I just realized the way Gary Gutting’s Op-ed piece made me feel. I couldn’t describe very well the feeling of betrayal, of total misrepresentation and total lack of understanding. I have a feeling of “Why don’t you get it?”, a feeling of “You are a believer, you are one of us, how can you say this and think like this?”

But I’ve got it now. It sounds like what Jesus might have been thinking and feeling when one of his own betrayed him with a kiss.

/end rant


Peter gets a chance to rant, and I want one too :D  Anyway, if Mr. Gutting responded to me, this is what I would say:

In regards to Mr. Gutting’s response, I would tell him, the people of the Church DO NOT give authority.  The Church is NOT founded on majority rule or a sort of social contract, as it seems that his article implies.  His point is that the people give the authority to the bishops.  That is not what the Church has ever founded its principles of authority and Magisterium on.  If he had done his theology correctly and philosophical discourses, it would be clear and reasonable to conclude that according to his perspective, that YES, the bishops would have no authority.  However, as Catholics, we do not base the authority of the papacy and apostolic succession on the people, but because Jesus, the one he claims to follow, instated specific apostles to share in His ministry.  If he reads his Scriptures, he would see that God, throughout all of human history recorded in the written tradition and in the oral and religious tradition of Jews and Christians, chooses people to lead His people, whether it is one or multiple. What God does NOT do is leave us alone.  He is the Good Shepherd, a good shepherd does not leave his flocks to fend for themselves, to try to fend off the world according to their understanding.  I appeal to the tradition of the Church he so believes in, I also appeal to the human condition that left to our own devices, we will ruin all things.  The sinless Adam and Eve, before the taint of original sin, chose to turn against God.  We are tainted already, and we are struggling to follow natural human rights in a world that believes that fetuses, infants, and people that are undesirable should be quarantined from our lives, put in elderly care, orphanages, or done away with if they are too burdensome.  As Catholics, these are the very people we are called to love, because their cries are what God hears.

Mr. Gutting, you speak of determining who is right, and I agree, we should consider: Who is right?  You place your faith on a generation which promotes the sexual revolution, a world of promiscuity, lack of control, and self-oriented merchandise and entertainment.  You place your faith in a world where Man becomes the center, the authority of morality and belief, creating their own Tower of Babel, where we might touch the heavens and become gods.  You place it on a culture whose greatest concerns are living day by day, sustaining themselves for their pleasures and passions.  I ask you simply, you hold a different view from the bishops, the apostolic successors of the first disciples of Jesus, passing on a tradition of faith, hope, and love, fighting for the life of the individual.  But, what say you, when the political entity has determined to enforce a principle of belief that defies the essential teachings of the faith?

You speak of 98% of American Catholics and 78% of Catholics opposing the Church’s stance on contraception.  Is that what we should abide by?  You speak of majority rule, where morality is defined only when the majority decide it so.  Is your opinion of morality so low, that the whim of the custom defines the essential being of humanity?  Is the freedom to choose anything without consequence except of our legal making the binding factor that makes a human Human?  I ask this only to remind you that Hilter, Stalin, and Mao presented the same perspective.  They made the majority, they taught what the people would believe, and the people obeyed.  There was a majority that abided, sure some dissented, but the vast majority consented.  Are we supposed to consent in the same way, because our government decides it is alright?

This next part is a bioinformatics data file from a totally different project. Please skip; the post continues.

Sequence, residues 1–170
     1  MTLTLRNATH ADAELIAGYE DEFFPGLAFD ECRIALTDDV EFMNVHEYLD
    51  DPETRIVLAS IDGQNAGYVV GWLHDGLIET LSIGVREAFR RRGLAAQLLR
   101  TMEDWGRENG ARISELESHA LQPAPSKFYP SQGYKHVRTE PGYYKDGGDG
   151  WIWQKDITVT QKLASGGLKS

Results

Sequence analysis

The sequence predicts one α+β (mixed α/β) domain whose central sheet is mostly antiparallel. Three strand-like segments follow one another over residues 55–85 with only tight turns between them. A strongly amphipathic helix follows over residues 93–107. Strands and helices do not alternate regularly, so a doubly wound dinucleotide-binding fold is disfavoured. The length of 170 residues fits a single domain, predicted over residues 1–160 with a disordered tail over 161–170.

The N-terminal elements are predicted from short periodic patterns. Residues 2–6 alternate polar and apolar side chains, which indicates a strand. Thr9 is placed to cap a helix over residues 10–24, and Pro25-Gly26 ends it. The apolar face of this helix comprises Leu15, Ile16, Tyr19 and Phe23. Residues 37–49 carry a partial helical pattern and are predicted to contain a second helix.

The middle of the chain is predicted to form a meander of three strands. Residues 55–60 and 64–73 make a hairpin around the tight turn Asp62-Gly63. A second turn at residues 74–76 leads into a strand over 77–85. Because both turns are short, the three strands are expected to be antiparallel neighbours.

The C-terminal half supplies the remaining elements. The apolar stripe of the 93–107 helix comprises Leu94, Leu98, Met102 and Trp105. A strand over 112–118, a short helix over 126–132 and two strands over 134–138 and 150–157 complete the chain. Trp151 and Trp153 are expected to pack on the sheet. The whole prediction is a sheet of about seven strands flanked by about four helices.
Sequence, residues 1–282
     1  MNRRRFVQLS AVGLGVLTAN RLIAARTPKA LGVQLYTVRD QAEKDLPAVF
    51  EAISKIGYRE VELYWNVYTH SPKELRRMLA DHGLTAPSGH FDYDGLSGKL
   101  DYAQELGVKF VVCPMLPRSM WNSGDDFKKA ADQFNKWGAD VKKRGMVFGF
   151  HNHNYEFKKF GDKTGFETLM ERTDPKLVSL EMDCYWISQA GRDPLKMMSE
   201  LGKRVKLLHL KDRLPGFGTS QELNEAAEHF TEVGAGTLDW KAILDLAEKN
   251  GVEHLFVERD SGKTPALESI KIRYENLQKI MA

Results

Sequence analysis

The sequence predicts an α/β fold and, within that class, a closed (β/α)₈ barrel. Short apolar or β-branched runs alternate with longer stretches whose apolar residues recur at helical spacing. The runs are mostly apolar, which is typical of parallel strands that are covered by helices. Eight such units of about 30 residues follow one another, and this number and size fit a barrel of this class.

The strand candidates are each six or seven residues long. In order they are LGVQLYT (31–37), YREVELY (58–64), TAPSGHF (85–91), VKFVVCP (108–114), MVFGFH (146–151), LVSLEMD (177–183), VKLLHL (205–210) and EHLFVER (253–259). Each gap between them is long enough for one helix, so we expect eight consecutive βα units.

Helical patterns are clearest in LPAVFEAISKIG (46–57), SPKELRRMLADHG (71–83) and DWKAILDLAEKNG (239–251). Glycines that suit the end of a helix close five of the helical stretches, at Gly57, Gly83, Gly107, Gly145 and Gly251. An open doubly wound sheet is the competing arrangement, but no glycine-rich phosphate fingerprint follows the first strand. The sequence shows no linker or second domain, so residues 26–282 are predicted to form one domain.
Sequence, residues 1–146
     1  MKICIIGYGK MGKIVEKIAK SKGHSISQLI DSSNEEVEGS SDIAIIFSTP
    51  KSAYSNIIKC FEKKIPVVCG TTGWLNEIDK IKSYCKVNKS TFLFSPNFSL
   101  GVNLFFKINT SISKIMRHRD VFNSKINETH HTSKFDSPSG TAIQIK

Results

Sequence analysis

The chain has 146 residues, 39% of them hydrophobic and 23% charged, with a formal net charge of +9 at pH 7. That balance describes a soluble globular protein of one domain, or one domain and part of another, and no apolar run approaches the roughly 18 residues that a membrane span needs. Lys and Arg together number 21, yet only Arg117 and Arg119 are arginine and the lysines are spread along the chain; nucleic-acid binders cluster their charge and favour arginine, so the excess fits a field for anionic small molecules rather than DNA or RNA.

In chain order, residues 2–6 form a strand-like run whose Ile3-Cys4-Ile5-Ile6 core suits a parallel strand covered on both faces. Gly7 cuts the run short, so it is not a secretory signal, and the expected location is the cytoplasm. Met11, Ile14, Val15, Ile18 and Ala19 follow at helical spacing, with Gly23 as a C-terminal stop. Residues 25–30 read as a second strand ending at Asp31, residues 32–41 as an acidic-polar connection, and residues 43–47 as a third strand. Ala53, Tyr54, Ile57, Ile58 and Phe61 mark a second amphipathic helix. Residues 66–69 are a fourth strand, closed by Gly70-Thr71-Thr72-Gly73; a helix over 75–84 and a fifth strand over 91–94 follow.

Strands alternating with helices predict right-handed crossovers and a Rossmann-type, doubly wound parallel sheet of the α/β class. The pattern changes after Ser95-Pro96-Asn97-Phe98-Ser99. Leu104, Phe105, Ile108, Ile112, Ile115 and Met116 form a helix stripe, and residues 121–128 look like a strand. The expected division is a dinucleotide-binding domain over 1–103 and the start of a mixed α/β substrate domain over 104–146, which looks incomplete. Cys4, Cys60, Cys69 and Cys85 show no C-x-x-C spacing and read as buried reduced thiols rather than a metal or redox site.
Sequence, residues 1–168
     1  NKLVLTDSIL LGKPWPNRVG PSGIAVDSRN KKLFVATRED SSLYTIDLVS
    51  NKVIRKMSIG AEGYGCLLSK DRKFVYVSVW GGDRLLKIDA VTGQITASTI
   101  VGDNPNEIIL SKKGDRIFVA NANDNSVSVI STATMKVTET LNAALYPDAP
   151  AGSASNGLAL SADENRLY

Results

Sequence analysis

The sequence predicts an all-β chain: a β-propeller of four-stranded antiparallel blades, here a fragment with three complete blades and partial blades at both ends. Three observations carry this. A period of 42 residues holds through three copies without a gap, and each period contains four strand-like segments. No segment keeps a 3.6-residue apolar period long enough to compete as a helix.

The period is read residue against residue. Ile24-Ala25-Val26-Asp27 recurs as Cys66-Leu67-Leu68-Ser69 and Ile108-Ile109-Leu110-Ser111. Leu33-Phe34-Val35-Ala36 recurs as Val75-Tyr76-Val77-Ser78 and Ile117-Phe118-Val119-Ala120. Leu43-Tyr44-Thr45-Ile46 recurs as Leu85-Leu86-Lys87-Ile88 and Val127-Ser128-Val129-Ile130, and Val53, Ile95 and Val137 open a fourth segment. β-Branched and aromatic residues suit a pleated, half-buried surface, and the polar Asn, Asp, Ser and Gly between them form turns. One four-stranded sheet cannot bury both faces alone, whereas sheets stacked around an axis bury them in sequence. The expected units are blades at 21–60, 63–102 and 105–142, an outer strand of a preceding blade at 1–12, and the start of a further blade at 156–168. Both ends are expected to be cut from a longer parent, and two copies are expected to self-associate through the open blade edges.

I see you from your article, I do not know you.  I only ask, are you willing to lay down your life for your belief, where you place the individual above the tradition and teachings handed down from Jesus to us today, where we allow everyone to be their own interpreter of the moral code?  Because if you are, please consider the ramifications of your statement.  Let everyone decide their moral principles and beliefs, without a telos to aim toward.  Let man determine his own self worth.  I propose, we will fail as soon as we begin, because our worth is indeterminable, and it is only indeterminable because God loves all men, and intends for all men to live in Him, the only source of life.


1 Mouth, 2 Ears

God made us with 2 ears and 1 mouth. So we can listen more than we can talk. People talk way too much. Not enough listen. They just go about having it their own way without giving someone a chance. A chance to offer a different perspective. Listen to one another and see what you can learn.

cosette-fauchelevent-is-bae  asked:

Can you explain papal infallibility?

The pope is infallible when he speaks Ex Cathedra, as well as on the faith and morality. It’s also when he doesn’t go against the Church teaching and tradition. The pope can only be speaking infallibly when it is:

  •  a decision of the supreme teaching authority of the Church
  • Concerns faith or morals
  • Bind the universal Church 
  • Be proposed as something to hold firmly and immutably, such as the assumption of Mary. 

It’s very rare that a Pope speaks infallibly, such as when Pope Francis speaks about climate change..that’s not infallible by any means. 

Pope Benedict XVI said, “ The Pope is not an oracle; he is infallible in very rare situations, as we know.”